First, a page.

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Musings of an Anachronism

It is once again my duty to step forward in my adopted role as's resident curmudgeon. Although I am no where near as old as the Andy Rooney of 60 Minutes' fame, I am old enough to collect Social Security (although I do not). For that reason I feel that I have lived long enough to have finally reached the age at which it is no longer mandatory for me to suffer fools gladly. I will listen, but I will not listen passively. So on with the show.

During the week just past, I was given a rare privilege within the confines of the winter solstice. Thanks to a temporary (but most welcome) shift in the jet stream, my friends and I in New Jersey were granted the opportunity to spend two days enjoying warm weather. Of course I spent my magical moments out on my front porch in my "thinking place."

As the gentle breezes moved the 65-degree weather past my porch, I was able to spend a few moments puffing on a cigar and pondering the problems of the world. Puffing and pondering are two of my favorite pastimes, along with eating. >p>Many were the thoughts which ran trippingly through my mind's eye. However, rather then leave them to happenstance, as supplemented by a bad memory I paused to pull out my trusty pocket memo pad.

As the smoke spiraled upward I began to jot down a number of diverse and divergent thoughts. Some were about highway safety. You will soon be able to see them on the web site where I am the editor.

Other thoughts referred to the FIRE Act, which is once again under siege. I will save them for another column in our run up to the annual fire service pilgrimage to Washington, DC in April. I have only missed making the trip on a couple of occasions since it all began many moons ago. This, my friends, is an event which I have taken to calling the annual "kissing of the ring" ceremony, although others with whom I have spoken thought that something else was usually being kissed there. I am just saying.

There were also some stray thoughts about that cute Miller girl from Adelphia. She was the lovely young lady that I was fortunate enough to meet in Mr. Ugrovic's Western civilization class back at good old Southern Freehold High School in the fall of 1964. Of course, those of you who really know me might better think of her as the charming, and long-suffering Mrs. Carter.

However, there were also some other thoughts that came to me. These are the ones which I am going to share with you in the commentary. Let me first define the terms of my visit with you. This is critical for a researcher like me. Just what is an anachronism? A quick trip to the Internet came up with a number of different definitions. Let me share the one which holds the greatest meaning for my visit here with you today.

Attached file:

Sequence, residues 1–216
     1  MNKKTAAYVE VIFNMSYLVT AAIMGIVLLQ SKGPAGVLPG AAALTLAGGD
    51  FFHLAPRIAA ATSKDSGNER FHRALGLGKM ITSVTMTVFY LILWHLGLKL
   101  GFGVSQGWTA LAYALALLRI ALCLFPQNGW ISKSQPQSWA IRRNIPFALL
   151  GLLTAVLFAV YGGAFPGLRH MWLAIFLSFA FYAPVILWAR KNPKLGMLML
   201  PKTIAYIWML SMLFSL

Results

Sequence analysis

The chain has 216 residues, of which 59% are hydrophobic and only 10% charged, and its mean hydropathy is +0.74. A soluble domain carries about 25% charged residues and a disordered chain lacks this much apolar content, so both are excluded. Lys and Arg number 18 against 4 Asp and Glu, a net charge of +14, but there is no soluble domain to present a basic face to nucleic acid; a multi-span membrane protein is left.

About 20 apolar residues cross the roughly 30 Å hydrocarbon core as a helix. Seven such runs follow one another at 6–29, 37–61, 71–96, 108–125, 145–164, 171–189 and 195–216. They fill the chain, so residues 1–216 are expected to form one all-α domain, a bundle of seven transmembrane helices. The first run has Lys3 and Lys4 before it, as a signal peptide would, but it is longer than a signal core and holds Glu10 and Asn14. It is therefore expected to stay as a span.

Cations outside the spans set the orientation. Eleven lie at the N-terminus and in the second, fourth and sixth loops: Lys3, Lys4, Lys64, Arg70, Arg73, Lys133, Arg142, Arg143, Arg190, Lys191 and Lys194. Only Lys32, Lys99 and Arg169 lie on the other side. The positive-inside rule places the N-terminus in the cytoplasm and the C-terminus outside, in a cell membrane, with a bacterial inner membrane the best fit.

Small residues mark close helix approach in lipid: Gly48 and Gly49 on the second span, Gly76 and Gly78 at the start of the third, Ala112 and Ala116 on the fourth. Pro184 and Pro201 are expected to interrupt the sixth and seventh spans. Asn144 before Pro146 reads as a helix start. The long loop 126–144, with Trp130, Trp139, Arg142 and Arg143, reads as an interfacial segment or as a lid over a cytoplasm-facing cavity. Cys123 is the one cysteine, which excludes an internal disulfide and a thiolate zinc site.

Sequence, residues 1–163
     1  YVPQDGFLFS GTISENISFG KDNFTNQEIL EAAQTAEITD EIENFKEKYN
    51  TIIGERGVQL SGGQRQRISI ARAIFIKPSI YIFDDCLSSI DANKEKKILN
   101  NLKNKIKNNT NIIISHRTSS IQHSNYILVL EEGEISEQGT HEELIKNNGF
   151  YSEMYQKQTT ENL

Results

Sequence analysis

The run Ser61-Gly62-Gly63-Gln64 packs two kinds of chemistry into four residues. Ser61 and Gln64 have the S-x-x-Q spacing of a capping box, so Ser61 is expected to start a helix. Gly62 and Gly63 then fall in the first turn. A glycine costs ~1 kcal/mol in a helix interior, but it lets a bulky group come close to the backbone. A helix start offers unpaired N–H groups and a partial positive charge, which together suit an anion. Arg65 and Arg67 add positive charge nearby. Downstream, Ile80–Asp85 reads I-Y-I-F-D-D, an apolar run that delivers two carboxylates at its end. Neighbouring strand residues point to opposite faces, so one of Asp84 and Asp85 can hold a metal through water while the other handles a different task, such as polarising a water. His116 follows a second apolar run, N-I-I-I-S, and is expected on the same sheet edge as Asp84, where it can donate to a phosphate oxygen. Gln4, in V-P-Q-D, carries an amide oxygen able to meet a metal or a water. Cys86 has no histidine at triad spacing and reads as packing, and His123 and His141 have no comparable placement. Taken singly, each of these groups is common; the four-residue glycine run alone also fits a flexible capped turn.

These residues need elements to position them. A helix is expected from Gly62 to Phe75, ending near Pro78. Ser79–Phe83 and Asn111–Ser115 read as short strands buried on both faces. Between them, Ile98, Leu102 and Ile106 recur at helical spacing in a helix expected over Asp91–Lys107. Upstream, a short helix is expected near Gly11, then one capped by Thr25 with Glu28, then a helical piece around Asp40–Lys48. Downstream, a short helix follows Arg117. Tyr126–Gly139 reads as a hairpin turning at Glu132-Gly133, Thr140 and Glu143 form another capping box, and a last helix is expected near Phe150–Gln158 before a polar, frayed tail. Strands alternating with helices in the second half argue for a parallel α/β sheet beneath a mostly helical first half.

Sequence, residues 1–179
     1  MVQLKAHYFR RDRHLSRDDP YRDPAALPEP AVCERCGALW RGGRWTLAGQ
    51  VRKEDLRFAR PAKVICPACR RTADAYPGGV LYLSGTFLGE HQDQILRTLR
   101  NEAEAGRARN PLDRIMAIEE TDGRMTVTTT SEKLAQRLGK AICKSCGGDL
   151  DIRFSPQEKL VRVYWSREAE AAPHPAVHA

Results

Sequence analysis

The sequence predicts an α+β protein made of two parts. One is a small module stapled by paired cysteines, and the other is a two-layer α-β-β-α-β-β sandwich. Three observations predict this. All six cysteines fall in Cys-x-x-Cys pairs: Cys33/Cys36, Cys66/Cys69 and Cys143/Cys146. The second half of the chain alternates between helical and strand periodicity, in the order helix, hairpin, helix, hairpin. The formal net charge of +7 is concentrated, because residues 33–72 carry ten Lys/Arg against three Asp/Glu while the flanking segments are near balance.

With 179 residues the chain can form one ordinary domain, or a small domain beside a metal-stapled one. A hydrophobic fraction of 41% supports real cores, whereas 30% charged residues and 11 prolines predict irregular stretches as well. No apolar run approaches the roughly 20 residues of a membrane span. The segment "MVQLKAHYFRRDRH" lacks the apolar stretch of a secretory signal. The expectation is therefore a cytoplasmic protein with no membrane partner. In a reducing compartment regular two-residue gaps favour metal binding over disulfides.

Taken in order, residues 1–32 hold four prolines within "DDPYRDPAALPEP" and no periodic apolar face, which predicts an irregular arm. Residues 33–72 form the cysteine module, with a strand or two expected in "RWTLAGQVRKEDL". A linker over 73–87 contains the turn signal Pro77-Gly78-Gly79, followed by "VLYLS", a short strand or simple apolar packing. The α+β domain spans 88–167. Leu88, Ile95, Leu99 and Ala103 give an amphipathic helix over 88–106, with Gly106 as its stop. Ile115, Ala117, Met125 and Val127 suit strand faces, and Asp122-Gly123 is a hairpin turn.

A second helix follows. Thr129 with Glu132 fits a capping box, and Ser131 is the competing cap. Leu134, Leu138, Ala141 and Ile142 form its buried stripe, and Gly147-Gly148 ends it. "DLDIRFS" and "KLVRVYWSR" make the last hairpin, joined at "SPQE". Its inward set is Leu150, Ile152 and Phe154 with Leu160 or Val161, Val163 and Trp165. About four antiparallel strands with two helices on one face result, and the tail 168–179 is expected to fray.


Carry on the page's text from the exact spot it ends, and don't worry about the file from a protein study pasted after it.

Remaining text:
An anachronism is defined as a chronological misplacing of persons, events, objects, or customs in regard to each other. An anachronism could be considered a representation of something as existing or occurring at other than its proper time in the normal course of events in history.

Sometimes I think that I should have lived at an earlier time. However, in this visit with you I will be writing about my feelings of how I perceive myself as being out of synch with many of the accepted values and practices of our current times. It seems to me as though many things which I believe to have been central to my growth and development have somehow seemed to lose a bit of their luster over the years and fall out of favor with the world in general.

Let me share with you a bit about the world in which I grew to manhood. Let me set the stage by speaking of the two primary influences on my life: my Mom and my Dad. In the Carter household, hard work, service, and devotion to our nation were an accepted part of life. In fact, they seemed mandatory to my brother Bob and me.

My late grandfather had served as a infantryman with the Fifth Mounted Rifles of Canadian Army in France during World War I. It seems he could not wait for the United States to get into the war. He and a number of his rug-weaving buddies who had emigrated from England to work for the rug mill traveled north from their homes in Amsterdam, New York to join the Canadian Army in 1916. Following in his father's footsteps, my late father joined the Army right out of high school in 1940 and served as a combat infantryman during World War II. Dad was wounded during the Italian Campaign in 1944.

After the war, Dad joined the New Jersey Army National Guard and rose in rank, being commissioned a second lieutenant in 1949. His devotion to duty was a living lesson to my brother Bob and me. This was a time when a man's word was his bond. If you shook hands on something it was a done deal. Failure to fulfill your word was not an acceptable option. He lived his life according to this maxim of human interaction.